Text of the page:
Part of Reformed Islam is the return to active, vigorous and perpetual jihad, as was the custom of Muhammad and his companions. Muhammad himself was part of over 70 battles/raids during his own lifetime, very few of which were defensive. The expansion of jihad we see today is not radical or fundamentalist Islam. It is Islam in its most historically accurate and pure form.

Tuesday, October 16, 2007

October 17: Feast Day of Ignatius of Antioch, martyr, bishop

From Here:

October 17, 2007
St. Ignatius of Antioch
(d. 107?)

Born in Syria, Ignatius converted to Christianity and eventually became bishop of Antioch. In the year 107, Emperor Trajan visited Antioch and forced the Christians there to choose between death and apostasy. Ignatius would not deny Christ and thus was condemned to be put to death in Rome.

Ignatius is well known for the seven letters he wrote on the long journey from Antioch to Rome. Five of these letters are to Churches in Asia Minor; they urge the Christians there to remain faithful to God and to obey their superiors. He warns them against heretical doctrines, providing them with the solid truths of the Christian faith.

The sixth letter was to Polycarp, bishop of Smyrna, who was later martyred for the faith. The final letter begs the Christians in Rome not to try to stop his martyrdom. "The only thing I ask of you is to allow me to offer the libation of my blood to God. I am the wheat of the Lord; may I be ground by the teeth of the beasts to become the immaculate bread of Christ."

Ignatius bravely met the lions in the Circus Maximus.

Artist defiantly draws Prophet Mohammed


Artist defiantly draws Prophet Mohammed

by Paula Newton

HOGANAS, Sweden (CNN) -- Swedish artist Lars Vilks says all he's doing is taking a stand in the name of artistic expression. But because of that stand, on this afternoon he's lying low -- on the ground, in fact -- looking for bombs under his car.

Al Qaeda has put a $100,000 price on his head and offered an extra $50,000 for anyone who murders him by slitting his throat after the eccentric artist and sculptor drew a cartoon depicting the Prophet Mohammed as a dog.

"I don't think it should not be a problem to insult a religion, because it should be possible to insult all religions in a democratic way, " says Vilks from his home in rural Sweden.

"If you insult one, then you should insult the other ones."

His crude, sketched caricature shows the head of Prophet Mohammed on the body of a dog. Dogs are considered unclean by conservative Muslims, and any depiction of the prophet is strictly forbidden.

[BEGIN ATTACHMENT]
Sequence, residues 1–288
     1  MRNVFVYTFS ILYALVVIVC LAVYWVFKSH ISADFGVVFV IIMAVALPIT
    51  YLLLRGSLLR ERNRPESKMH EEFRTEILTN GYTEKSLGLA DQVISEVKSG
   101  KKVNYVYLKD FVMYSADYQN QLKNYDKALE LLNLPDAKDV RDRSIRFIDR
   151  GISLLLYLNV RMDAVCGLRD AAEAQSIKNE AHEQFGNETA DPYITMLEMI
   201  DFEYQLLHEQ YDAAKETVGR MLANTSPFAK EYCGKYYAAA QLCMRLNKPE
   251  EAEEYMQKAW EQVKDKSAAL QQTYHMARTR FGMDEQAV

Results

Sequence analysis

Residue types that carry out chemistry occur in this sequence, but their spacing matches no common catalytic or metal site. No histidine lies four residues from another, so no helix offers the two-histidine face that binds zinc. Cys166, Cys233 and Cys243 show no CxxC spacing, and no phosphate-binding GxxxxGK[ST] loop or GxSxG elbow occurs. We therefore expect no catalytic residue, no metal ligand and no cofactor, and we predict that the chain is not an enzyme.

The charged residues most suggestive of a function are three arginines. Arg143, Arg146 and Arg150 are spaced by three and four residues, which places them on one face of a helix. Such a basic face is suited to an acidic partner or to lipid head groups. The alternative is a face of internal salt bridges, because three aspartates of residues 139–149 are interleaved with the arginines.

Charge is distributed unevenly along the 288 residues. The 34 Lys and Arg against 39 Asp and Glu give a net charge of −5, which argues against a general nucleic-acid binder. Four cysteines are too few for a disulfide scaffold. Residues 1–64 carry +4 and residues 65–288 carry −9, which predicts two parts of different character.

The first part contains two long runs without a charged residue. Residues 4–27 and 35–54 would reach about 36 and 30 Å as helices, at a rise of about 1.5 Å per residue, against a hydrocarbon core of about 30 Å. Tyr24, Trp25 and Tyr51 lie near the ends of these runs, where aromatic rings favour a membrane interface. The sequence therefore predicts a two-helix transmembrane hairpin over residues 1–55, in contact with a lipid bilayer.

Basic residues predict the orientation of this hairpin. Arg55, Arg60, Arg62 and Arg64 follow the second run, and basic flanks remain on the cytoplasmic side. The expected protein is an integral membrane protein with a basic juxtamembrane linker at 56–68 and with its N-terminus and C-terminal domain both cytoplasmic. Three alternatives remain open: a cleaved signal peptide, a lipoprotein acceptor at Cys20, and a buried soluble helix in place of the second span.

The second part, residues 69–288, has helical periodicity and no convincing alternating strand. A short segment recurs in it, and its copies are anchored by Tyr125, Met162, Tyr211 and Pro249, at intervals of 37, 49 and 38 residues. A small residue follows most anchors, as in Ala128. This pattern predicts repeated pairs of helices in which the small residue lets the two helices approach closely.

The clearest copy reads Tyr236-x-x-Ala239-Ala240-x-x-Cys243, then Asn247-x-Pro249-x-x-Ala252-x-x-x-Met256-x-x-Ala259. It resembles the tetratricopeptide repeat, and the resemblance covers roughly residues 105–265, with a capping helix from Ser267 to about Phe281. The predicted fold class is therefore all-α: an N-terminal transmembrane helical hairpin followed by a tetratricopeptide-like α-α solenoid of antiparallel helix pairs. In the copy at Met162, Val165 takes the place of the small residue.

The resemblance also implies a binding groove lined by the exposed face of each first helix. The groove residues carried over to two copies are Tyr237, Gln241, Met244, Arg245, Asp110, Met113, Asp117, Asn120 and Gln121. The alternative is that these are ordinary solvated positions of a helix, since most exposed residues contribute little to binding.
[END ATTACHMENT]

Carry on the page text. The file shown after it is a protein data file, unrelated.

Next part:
Vilks, who has been a controversial artist for more than three decades in Sweden, says his drawing was a calculated move, and he wanted it to elicit a reaction. Video Watch "I should slaughter you" »

"That's a way of expressing things. If you don't like it, don't look at it. And if you look at it, don't take it too seriously. No harm done, really," he says.

When it's suggested that might prove an arrogant -- if not insulting -- way to engage Muslims, he is unrelenting, even defiant.

"No one actually loves the truth, but someone has to say it," he says.

Vilks, a self-described atheist, points out he's an equal opportunity offender who in the past sketched a depiction of Jesus as a pedophile. [...]

Islam and Democracy?

From an interview with Salman Rushdie:

Reason: Where does this leave us on the question of democratic reform in Islamic countries? Do you think that Islam lacks a crucial piece to build a foundation for freedom?

Rushdie: What it has is an extra piece that believes that religion can be the foundation for a state. It's a question of removing that piece rather than adding something. There have been various moments in the history of Pakistan when attempts to Islamize the country were resisted strongly by both generals and civilian governments. It's not inevitable that a country full of Muslims will seek to Islamize its structures. But I do think there is a need for a widespread realization among Muslims that you cannot build a state based on religion. Pakistan is proof of that. Here was a state that was built on religion, but a quarter of a century after it was founded it fell apart, because the glue is not strong enough.

Naughty Riba

Riba is the receiving, paying or charging of interest on loans or deposits, something forbidden by Islam. Islam, in addition to being a religion and system of civil and martial law, also contains many elements of economic policy, this being one. But do you want to know how bad Riba is? Check this out:

Muslim (1598) narrated that Jaabir (may Allaah be pleased with him)said: The Messenger of Allaah (peace and blessings of Allaah be upon him) cursed the one who consumes riba and the one who pays it, the one who writes it down and the two who witness it, and he said: they are all the same.